As a new era dawns for the mutants, revisit the '80s classic 'X-Factor' #1!

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From Marvel Comics X-Factor #1 February 1986 Marvel Comics Grade NM - $14.99 - Shop Now Story by Bob Layton. Art by Jackson Guice, Bob Layton, and Joe Rubinstein. Cover by Walt Simonson. Return of Jean Grey: Part 3 of 3 - "Third Genesis!": Mr. Fantastic cameo. Avengers flashback cameo. Anchorage, Alaska, Scott Summers is outside chopping wood with his optic blasts when he's asked to come inside by his wife Madeyline Pryor so that he can watch their son Nathan while she runs some errands. However, upon entering their family home, Scott is distracted by a television report about the possible Mutant Menace and the government considering the idea of making all mutants register. When Maddie notices this she becomes angry and berates her husband for worrying over mutants and reminds him that he is no longer an X-Man and that he should be focusing more on his family than on the fates of mutant kind. That night when she notices Scott standing outside on the balcony br

A Look Back At The First Issue Of The Walking Dead

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From Image Comics When was the last time you read The Walking Dead #1? I originally read it back in 2003 shortly before it went to press, and while I remember liking it, I don’t think it occurred to me then just how good it was. When we received copies at the Image offices, I recall admiring how well the greytones printed and thinking that it was a sharp looking book, but at the time it was just one of several series we were debuting that October as a part of a new horror line. I was Image’s Director of Sales & Marketing at the time, and my primary concern at that point was making sure people knew it existed. Reading it now, though, nearly 16 years later, it’s pretty much a perfect first issue. Even if you haven’t read The Walking Dead, you probably know that it’s a series about mankind’s struggle for survival in a world overrun by the living dead—or as Robert Kirkman once put it, a “zombie movie that never ends.” What makes it different from zombie movies, though—and fr

DC Comics Secretly Cancels MAD Magazine

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From Vulture Venerable joke rag MAD Magazine will be ceasing publication of original content. Blogger Jedidiah Leland reported that a longtime editor broke the news in a private Facebook group, and MAD writer David DeGrand confirmed the story on his personal Twitter. Rather than create new comedy, MAD will recycle old content until their subscription obligation is fulfilled, then potentially shut down altogether. An email from DC Comics sent to freelancers and obtained by Vulture says that Issue 10 will be the last of MAD with original content. While not stating whether the publication would cease entirely, the email confirms that MAD will no longer commission new content for either the print or online versions of MAD, for however long they continue to exist. In the wake of the news, many contributors have been posting farewell tweets to the mag. So far, DC Comics has made no official statement, but there have been signs of trouble for the eagle-eyed. Editor Allie Goertz was lai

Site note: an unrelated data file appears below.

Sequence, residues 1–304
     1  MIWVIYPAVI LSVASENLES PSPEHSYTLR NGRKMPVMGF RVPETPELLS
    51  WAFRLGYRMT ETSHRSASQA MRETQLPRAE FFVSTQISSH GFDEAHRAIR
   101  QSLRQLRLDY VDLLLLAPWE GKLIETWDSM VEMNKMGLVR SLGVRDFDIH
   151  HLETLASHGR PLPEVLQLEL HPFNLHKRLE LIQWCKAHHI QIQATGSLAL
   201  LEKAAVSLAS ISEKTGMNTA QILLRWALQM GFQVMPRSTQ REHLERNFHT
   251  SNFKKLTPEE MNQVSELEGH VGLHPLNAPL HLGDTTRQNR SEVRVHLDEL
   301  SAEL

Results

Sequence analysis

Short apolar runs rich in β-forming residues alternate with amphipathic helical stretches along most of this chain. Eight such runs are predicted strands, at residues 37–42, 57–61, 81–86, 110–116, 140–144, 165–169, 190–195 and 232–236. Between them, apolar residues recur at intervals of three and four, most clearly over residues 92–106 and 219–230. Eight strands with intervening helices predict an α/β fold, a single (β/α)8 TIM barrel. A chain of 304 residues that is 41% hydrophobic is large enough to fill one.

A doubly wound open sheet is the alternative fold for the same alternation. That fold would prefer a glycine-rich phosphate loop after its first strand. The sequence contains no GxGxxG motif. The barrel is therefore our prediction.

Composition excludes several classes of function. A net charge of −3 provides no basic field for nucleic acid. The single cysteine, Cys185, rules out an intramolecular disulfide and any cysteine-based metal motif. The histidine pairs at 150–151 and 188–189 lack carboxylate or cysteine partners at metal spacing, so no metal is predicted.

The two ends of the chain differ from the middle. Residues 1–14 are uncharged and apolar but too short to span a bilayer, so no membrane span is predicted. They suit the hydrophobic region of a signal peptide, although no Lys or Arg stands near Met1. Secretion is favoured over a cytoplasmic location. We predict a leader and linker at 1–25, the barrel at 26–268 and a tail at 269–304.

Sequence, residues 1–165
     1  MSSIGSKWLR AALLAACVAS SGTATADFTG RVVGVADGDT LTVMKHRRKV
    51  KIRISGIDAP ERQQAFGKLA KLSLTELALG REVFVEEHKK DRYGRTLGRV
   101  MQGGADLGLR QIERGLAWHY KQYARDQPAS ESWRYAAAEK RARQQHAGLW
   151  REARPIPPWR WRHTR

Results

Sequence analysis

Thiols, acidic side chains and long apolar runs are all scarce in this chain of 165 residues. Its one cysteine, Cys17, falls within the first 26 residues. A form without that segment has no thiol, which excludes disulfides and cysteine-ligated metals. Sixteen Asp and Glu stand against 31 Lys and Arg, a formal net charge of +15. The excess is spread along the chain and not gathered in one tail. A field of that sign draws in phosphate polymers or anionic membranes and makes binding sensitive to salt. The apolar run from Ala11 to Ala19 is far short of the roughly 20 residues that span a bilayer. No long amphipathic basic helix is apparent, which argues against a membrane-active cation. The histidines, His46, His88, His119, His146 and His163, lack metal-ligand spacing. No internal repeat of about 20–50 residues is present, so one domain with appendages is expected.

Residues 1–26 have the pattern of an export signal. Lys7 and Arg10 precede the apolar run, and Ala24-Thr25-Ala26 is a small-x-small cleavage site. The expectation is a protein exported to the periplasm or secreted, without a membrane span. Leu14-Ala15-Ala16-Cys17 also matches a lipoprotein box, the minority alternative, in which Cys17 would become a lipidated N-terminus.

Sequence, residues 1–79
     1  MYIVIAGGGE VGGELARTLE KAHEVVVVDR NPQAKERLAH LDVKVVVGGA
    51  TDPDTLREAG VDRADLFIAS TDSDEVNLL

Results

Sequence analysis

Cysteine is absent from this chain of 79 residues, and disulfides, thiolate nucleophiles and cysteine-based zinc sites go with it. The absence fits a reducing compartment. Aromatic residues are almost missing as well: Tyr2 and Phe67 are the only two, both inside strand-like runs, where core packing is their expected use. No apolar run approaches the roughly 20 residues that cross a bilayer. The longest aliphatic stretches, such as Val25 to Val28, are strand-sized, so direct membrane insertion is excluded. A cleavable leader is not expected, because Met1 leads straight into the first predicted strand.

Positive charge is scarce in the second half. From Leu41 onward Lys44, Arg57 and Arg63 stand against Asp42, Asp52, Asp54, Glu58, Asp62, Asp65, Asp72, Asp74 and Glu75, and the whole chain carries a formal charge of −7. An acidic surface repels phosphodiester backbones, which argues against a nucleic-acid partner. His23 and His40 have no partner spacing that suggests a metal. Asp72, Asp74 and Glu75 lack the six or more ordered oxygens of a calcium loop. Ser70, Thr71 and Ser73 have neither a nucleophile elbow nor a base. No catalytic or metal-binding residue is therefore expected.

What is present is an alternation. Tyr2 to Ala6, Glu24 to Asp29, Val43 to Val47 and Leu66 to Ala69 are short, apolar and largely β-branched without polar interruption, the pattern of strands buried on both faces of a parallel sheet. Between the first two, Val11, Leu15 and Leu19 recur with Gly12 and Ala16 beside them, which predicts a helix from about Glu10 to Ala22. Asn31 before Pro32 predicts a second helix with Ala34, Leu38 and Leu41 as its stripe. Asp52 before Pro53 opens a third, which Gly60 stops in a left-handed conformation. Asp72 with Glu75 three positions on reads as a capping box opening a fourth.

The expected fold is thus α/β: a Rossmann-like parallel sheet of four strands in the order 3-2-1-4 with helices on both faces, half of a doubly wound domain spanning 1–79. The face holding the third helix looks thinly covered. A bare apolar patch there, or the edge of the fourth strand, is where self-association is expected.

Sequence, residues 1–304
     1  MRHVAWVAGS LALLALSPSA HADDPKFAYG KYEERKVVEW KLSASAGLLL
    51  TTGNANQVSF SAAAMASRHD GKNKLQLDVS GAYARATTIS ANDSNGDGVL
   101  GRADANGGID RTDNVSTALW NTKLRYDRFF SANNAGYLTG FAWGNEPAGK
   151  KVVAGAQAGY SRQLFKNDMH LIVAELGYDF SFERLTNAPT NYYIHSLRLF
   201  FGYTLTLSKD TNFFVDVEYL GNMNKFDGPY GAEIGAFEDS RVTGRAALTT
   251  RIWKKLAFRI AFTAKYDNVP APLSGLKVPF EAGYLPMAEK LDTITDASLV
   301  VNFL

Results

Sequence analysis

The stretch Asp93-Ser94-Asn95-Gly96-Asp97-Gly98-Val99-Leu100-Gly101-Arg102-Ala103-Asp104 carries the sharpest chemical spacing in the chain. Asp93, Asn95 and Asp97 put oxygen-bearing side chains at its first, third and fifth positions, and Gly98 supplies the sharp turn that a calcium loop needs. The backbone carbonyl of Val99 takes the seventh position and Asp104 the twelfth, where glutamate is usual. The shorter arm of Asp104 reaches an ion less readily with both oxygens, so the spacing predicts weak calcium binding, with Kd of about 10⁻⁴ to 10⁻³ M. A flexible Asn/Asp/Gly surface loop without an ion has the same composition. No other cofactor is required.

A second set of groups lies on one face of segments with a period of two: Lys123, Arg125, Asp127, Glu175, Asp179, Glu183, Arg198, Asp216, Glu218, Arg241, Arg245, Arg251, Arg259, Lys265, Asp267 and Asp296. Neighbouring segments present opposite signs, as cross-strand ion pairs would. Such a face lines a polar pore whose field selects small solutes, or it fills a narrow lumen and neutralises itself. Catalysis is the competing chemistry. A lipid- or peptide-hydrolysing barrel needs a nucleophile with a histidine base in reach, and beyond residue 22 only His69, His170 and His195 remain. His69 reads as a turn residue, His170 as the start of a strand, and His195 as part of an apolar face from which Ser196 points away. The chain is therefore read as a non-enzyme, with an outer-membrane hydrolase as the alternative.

Discover how the Stars and Stripes came into existence

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The simple fact that many Americans now view our nation's original flag as a symbol of racism on par with the Nazi party's swastika shows just how much our educational system has failed. In an attempt to stem the tide of ignorance I think it's time to set the record straight with a good old fashioned history lesson. From History When the American Revolution broke out in 1775, the colonists didn’t yet unite under a single flag. Instead, they fought mainly under unit or regimental flags, according to Marc Leepson, author of the book “Flag: An American Biography.” One flag of the time featured a picture of a coiled rattlesnake with the slogan “Don’t Tread on Me,” while another showed a pine tree with the words “An Appeal to Heaven.” “There really wasn’t anything that was stars and stripes, red, white and blue,” said Mike Buss, a flag expert with the American Legion veterans’ organization. In June 1775, the Second Continental Congress, meeting in Philadelphia, created